SANTA FE, N.M. — The New Mexico Supreme Court ruled Thursday against a photographer who declined to use her artistic expression to communicate the story of a same-sex ceremony. In a concurrence accompanying the opinion, one of the justices wrote that the photographer and her husband, Elaine and Jonathan Huguenin, “now are compelled by law to compromise the very religious beliefs that inspire their lives,” adding “it is the price of citizenship.”
“The idea that free people can be ‘compelled by law to compromise the very religious beliefs that inspire their lives’ as the ‘price of citizenship’ is a chilling and unprecedented attack on freedom,” said Senior Counsel Jordan Lorence. “Americans are now on notice that the price of doing business is their freedom. We are considering our next steps, including asking the U.S. Supreme Court to right this wrong.”
A Rasmussen poll last month found that “If a Christian wedding photographer who has deeply held religious beliefs opposing same-sex marriage is asked to work a same-sex wedding ceremony, 85% of American adults believe he has the right to say no.”
In other statements in the concurrence, Justice Richard C. Bosson wrote, “At its heart, this case teaches that at some point in our lives all of us must compromise, if only a little, to accommodate the contrasting values of others…. That compromise is part of the glue that holds us together as a nation, the tolerance that lubricates the varied moving parts of us as a people…. In short, I would say to the Huguenins, with the utmost respect: it is the price of citizenship.”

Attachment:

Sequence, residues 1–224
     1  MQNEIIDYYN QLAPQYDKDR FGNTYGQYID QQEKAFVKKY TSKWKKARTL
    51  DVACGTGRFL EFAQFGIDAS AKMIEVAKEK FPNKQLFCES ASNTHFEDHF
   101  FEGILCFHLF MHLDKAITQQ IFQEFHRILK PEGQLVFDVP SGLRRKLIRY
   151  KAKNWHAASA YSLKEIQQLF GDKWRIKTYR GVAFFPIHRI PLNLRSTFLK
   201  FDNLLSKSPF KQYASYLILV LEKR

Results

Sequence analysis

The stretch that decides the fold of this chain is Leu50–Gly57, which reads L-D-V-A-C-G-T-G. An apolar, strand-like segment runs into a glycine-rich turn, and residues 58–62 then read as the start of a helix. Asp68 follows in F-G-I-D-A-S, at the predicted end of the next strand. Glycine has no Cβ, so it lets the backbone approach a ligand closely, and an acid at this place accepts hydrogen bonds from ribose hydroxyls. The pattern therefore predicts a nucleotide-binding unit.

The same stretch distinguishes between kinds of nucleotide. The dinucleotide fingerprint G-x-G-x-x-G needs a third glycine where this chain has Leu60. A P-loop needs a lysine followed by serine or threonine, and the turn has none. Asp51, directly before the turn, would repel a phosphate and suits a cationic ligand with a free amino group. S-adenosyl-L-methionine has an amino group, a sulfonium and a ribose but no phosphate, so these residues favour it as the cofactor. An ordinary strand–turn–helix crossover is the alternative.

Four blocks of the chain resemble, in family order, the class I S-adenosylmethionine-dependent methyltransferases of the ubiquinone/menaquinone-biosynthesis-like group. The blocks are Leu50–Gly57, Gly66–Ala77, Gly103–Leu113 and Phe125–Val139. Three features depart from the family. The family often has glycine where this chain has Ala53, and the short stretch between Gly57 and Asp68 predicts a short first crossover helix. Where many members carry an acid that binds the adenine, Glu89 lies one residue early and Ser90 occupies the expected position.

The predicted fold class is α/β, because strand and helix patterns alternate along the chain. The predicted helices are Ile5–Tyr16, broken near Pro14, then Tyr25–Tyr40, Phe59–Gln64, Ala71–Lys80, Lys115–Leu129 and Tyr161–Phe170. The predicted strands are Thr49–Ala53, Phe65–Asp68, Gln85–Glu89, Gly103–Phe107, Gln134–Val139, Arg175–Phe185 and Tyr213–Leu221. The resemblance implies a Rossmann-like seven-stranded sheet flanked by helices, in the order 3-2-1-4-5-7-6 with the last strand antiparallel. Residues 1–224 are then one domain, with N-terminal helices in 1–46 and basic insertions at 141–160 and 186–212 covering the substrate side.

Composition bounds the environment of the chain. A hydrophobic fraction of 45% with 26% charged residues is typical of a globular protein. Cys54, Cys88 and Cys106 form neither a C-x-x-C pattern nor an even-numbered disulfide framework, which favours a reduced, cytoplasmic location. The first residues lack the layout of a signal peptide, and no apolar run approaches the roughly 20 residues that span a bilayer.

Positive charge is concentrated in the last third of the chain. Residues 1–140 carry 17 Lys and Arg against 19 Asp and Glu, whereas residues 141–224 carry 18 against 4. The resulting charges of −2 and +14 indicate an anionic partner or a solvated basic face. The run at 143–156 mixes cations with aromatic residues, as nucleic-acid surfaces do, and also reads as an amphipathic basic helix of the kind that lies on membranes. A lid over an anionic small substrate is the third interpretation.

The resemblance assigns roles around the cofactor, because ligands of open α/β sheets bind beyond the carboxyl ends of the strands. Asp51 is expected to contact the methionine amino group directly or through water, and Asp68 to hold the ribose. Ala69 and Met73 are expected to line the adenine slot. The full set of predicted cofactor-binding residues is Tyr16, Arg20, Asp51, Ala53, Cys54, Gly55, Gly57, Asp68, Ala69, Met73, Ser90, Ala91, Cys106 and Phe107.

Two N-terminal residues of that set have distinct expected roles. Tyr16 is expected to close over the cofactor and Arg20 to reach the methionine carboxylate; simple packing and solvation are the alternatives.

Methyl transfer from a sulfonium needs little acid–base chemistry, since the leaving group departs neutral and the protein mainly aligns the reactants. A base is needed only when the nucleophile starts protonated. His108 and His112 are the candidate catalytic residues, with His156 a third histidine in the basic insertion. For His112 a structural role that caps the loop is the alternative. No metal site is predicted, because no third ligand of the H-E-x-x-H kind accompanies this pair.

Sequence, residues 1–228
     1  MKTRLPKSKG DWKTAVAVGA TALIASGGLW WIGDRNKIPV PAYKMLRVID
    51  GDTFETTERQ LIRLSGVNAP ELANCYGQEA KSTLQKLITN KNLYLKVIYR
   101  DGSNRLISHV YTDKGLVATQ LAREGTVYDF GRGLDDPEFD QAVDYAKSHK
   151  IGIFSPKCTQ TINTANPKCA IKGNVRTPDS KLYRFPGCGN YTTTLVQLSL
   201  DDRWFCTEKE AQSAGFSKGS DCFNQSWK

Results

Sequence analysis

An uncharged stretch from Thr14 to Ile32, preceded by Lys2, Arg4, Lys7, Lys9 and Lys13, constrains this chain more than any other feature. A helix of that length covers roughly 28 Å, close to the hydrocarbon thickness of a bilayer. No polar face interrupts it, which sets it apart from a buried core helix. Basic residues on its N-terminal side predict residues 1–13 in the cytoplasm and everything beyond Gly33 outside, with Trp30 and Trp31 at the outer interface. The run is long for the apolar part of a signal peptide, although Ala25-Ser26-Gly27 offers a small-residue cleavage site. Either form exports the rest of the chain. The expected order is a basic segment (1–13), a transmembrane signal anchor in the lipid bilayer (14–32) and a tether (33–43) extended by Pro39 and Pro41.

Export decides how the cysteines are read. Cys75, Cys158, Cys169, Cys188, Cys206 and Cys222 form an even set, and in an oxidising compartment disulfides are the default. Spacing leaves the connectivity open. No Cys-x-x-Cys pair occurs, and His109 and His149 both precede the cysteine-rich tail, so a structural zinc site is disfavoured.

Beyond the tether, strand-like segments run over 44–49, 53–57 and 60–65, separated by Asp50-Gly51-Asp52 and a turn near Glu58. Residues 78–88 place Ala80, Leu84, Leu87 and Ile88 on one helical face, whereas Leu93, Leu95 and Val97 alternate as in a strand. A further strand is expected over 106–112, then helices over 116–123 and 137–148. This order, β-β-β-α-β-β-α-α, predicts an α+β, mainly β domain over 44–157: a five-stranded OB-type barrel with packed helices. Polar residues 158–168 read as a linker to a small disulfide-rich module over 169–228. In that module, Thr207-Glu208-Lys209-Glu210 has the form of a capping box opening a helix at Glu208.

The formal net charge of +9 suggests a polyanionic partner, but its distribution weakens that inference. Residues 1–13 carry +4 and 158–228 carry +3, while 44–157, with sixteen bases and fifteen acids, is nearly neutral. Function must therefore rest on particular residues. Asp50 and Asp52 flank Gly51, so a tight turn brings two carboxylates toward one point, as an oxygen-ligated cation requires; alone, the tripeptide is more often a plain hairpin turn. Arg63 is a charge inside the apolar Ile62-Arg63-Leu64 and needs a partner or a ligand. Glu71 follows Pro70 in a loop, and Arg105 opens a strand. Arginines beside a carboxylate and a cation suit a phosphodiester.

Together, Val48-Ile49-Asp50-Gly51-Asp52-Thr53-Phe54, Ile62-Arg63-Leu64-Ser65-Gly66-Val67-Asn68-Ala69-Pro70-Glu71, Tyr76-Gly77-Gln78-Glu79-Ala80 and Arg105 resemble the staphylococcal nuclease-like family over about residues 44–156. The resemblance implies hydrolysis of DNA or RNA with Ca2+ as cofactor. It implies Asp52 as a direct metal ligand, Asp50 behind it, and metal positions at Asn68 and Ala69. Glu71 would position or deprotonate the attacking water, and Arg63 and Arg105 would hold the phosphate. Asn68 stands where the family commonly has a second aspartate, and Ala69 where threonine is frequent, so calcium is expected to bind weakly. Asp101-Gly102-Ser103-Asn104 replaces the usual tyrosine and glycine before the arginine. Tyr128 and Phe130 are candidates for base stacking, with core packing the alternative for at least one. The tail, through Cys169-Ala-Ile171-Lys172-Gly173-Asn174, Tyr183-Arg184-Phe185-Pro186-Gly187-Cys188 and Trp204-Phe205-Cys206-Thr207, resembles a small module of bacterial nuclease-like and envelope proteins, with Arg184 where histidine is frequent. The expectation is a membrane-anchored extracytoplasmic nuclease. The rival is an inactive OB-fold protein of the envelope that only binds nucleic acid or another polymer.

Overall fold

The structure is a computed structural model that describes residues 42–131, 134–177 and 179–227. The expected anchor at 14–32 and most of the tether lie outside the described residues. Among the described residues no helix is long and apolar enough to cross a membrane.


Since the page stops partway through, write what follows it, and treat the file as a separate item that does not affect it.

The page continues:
In 2006, Elaine Huguenin, who operates Elane Photography together with her husband, declined Vanessa Willock’s request to photograph a commitment ceremony that Willock and another woman wanted to hold in the town of Taos. Huguenin declined the request because her and her husband’s Christian beliefs conflict with the message communicated by the expressive event, which Willock asked Huguenin to help her “celebrate.” New Mexico law does not recognize either marriage or civil unions between persons of the same sex.
Willock found another photographer for her ceremony, but nevertheless filed a complaint with the Human Rights Commission against Elane Photography.
The commission held a one-day trial and then issued an order in April 2008 finding that Elane Photography engaged in “sexual orientation” discrimination prohibited under state law, ordering it to pay $6,637.94 in attorneys’ fees to Willock. The case then made its way through the New Mexico state court system as Elane Photography v. Willock.
- Pronunciation guide: Huguenin (HEW’-gun-in)
Alliance Defending Freedom is an alliance-building, non-profit legal organization that advocates for the right of people to freely live out their faith.
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